The food was incredible, I had a bowl of Pho (Noodle soup with beef) and for the small cost of £1.20. I certainly would be eating in the local restaurants here instead of the more expensive western style restaurants. Daylight was coming to an end and as it had been an early start we decided to return to our respective hostels and have a couple of hours relaxation before meeting for a happy hour beer at a bar across the street.
The local beer in Cambodia is called Anckor you can get a draught beer for as cheap as £0.25. Not the best beer I will drink in South East Asia but certainly refreshing and enjoyable. After a little bit of research we had located the main nightlife areas for backpackers and took a stroll in that direction. Walking around for 20 minutes or so and visiting what looked to be a high end bar it was particularly quiet but then we came across Blue Dog Bar and was packed to the rafters with locals and tourists. The happy hour was on all night with beers costing no more than £1.50 for a draught. To top the night off I was lucky enough to watch Tottenham vs Swansea (We won’t talk about the result) and Barcelona vs Real Madrid. The night concluded with a late night snack of beef rice and then to bed for the museums in the morning.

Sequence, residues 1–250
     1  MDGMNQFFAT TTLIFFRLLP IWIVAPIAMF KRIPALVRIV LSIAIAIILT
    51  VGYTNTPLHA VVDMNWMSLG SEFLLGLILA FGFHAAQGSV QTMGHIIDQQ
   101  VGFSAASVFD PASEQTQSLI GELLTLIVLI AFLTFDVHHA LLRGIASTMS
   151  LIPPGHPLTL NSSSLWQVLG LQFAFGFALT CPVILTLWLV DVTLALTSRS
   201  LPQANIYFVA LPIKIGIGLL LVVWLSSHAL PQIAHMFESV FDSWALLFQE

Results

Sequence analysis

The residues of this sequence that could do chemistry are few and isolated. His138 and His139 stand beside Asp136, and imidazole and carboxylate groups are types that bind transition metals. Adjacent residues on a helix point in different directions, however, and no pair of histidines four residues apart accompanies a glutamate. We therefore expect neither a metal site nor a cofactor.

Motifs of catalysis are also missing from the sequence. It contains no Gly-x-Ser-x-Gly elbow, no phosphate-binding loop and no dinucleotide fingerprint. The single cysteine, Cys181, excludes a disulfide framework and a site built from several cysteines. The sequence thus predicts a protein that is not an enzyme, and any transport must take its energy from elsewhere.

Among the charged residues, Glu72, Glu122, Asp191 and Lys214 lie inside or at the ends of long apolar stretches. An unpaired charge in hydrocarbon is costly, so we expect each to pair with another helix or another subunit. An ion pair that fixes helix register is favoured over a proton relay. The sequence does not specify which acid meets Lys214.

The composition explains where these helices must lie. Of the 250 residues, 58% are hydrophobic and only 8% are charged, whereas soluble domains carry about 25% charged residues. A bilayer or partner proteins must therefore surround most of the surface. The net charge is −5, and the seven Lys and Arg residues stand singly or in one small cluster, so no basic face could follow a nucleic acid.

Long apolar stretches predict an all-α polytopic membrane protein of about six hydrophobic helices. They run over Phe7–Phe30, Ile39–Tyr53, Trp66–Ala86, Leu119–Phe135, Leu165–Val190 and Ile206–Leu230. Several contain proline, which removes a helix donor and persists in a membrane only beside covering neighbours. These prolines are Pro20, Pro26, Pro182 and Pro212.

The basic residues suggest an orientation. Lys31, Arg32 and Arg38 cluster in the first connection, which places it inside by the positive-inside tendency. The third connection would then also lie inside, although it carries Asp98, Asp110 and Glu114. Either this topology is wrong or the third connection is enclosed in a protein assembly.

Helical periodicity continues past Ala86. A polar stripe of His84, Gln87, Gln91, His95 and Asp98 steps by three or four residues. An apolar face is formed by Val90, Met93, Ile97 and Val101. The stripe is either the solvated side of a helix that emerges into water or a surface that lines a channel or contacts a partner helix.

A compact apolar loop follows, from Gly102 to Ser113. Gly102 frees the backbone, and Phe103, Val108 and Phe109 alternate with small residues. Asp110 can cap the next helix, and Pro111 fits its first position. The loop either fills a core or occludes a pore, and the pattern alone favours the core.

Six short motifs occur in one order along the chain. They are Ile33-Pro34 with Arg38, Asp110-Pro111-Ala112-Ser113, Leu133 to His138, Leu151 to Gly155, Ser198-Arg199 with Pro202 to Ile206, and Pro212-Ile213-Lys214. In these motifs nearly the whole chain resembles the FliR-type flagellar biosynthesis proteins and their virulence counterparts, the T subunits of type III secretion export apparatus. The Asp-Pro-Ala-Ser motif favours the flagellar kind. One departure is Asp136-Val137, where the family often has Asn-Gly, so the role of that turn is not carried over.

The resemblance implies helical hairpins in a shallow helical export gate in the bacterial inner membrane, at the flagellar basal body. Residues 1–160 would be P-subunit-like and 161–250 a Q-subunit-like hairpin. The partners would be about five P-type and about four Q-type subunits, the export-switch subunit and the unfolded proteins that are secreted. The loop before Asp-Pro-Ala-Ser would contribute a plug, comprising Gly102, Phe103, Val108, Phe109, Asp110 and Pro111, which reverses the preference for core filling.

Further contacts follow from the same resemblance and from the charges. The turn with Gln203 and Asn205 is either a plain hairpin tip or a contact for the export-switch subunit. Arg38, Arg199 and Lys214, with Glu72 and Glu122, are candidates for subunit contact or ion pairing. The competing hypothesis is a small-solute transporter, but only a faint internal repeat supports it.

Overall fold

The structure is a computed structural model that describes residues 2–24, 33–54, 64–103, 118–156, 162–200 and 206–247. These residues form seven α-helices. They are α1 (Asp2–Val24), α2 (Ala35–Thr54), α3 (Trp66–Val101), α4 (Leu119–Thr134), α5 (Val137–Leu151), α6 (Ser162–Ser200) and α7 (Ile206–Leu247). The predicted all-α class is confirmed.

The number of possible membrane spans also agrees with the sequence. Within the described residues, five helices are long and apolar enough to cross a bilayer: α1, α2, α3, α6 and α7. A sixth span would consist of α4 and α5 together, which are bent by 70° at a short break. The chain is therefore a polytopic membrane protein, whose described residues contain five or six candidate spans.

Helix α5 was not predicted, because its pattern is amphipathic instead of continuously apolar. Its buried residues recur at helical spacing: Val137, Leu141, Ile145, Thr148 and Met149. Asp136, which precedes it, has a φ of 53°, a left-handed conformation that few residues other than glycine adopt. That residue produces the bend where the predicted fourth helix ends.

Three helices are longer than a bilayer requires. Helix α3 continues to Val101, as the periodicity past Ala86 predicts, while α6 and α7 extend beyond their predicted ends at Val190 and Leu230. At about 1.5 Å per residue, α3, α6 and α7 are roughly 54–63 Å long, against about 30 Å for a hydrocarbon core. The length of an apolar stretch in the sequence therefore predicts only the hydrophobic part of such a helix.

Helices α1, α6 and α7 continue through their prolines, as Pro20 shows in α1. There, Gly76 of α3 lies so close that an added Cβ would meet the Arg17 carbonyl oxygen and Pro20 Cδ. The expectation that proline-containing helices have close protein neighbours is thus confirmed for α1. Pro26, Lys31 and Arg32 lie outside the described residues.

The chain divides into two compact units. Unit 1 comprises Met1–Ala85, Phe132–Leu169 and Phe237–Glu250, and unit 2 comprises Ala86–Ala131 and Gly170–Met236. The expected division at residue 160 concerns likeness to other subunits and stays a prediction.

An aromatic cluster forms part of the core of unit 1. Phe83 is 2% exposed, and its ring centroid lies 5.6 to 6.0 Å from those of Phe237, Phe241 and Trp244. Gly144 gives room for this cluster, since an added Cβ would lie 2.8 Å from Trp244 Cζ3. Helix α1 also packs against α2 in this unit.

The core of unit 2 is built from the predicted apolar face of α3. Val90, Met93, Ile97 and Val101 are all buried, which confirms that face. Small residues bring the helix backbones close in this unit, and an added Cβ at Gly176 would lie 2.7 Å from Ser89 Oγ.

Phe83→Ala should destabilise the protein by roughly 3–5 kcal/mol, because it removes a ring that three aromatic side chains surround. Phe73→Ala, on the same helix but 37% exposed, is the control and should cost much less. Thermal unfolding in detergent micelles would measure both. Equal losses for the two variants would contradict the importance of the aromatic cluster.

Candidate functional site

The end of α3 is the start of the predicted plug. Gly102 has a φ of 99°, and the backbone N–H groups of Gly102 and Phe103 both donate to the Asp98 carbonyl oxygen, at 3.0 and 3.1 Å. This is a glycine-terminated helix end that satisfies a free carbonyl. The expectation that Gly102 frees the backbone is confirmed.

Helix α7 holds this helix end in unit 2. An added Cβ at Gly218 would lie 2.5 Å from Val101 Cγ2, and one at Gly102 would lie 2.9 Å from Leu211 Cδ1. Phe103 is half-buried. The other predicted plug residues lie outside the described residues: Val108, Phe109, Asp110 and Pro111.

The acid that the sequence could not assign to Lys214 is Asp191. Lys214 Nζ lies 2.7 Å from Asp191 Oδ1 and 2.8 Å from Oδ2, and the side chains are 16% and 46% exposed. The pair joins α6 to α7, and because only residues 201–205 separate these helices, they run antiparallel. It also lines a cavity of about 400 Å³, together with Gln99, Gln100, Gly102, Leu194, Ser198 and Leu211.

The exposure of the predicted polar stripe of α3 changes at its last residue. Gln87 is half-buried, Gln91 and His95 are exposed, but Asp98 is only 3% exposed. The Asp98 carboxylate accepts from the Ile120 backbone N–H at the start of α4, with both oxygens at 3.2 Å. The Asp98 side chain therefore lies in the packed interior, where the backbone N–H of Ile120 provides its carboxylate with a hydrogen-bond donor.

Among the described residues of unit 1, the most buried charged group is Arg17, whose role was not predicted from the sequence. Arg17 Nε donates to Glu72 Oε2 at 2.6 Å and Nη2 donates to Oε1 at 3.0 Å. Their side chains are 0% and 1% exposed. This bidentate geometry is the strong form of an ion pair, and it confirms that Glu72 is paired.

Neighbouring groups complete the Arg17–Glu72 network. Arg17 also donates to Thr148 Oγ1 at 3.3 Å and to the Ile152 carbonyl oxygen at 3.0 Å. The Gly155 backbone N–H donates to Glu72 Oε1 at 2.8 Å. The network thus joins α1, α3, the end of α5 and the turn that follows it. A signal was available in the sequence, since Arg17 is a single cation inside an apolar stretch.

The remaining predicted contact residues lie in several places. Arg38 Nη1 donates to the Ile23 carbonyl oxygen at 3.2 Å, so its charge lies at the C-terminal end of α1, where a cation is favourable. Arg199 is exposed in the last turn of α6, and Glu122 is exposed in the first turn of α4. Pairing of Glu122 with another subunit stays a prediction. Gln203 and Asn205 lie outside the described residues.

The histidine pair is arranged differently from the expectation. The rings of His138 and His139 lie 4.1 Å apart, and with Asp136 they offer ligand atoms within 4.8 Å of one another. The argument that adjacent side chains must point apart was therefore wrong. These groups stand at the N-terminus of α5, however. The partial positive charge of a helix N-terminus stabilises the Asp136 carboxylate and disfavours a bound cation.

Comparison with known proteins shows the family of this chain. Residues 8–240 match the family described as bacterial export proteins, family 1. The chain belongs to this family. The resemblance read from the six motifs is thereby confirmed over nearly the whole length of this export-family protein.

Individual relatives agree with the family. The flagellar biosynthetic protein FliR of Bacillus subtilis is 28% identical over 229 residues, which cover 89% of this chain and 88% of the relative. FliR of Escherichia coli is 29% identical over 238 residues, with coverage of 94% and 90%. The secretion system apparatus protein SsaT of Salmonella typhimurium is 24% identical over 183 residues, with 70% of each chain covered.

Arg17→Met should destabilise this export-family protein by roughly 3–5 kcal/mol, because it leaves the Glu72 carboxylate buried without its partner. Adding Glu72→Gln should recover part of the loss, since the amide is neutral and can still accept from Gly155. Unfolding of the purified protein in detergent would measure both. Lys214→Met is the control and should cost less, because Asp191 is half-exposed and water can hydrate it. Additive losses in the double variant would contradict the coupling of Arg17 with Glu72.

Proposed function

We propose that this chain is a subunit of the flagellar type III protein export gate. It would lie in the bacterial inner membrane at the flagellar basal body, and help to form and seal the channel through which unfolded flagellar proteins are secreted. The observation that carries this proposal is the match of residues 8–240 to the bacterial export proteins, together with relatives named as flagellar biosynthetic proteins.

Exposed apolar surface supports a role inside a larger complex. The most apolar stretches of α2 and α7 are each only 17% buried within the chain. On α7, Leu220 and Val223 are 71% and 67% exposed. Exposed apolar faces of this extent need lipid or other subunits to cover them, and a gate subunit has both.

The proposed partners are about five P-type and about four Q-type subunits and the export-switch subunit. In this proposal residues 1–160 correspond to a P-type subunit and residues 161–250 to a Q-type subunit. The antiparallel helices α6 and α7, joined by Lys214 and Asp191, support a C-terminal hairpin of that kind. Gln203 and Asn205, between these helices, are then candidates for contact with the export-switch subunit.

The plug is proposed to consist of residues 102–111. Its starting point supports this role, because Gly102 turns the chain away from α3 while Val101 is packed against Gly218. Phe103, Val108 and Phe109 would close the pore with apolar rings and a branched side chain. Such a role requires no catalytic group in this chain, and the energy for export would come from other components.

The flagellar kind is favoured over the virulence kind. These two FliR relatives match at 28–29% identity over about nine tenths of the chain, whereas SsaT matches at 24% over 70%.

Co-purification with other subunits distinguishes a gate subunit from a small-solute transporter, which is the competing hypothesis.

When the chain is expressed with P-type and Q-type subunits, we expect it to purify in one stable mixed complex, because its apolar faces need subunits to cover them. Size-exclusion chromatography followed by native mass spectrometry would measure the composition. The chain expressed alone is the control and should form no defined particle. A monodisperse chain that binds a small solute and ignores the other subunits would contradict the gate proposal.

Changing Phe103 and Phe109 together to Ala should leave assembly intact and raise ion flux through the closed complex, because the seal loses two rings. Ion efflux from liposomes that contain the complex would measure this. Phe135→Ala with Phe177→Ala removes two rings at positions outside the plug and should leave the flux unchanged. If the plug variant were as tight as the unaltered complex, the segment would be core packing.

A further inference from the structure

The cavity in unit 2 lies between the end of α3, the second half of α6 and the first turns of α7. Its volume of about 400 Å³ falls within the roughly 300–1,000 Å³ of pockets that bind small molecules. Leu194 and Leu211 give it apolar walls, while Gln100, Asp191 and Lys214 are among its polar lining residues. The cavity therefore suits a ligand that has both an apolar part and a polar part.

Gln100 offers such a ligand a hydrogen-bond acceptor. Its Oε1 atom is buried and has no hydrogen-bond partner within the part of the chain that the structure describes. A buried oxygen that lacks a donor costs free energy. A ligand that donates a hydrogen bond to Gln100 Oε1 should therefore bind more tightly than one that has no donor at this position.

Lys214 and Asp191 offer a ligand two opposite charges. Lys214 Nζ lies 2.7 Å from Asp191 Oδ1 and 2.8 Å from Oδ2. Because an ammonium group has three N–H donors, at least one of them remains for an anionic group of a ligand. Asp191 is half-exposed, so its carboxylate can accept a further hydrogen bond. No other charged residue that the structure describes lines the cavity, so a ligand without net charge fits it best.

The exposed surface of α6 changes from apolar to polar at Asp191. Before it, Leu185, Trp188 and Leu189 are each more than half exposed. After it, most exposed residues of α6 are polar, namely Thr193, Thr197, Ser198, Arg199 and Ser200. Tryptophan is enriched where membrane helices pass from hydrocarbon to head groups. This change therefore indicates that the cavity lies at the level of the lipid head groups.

A tuk tuk through my hostel was arranged for $15 and this would be our transport for the day. Our first stop was to The Killing Fields for what would be for me one of the toughest experiences I have ever had travelling. Its about 30 minutes from the city and the entrance fee is $6, which includes your ticket and an audio tour. If I first give you a brief background first, a man named Pol Pet had successful managed to gain control of Cambodia and set out to eradicate the cities populations. He recruited his army from the poorer countryside areas convincing to rebel against the people in the city. He firstly imprisoned people before starting to transport prisoners to the fields as the prisons were getting overcrowded. This for me was the one of the worst cases of genocide I have ever come across.
This is only 1 of over 300 they have so far found in Cambodia and the museum for educating people on this countries terrible past. The tour starts by showing you where buildings used to exist and explained that prisoners were blindfolded, transported and told they would be taken to a village for a new life. Smaller numbers of 40-50 people would arrived daily and be killed not long after arriving but as numbers increased to over 300 per day structures were build to house them in complete darkness until they would be killed.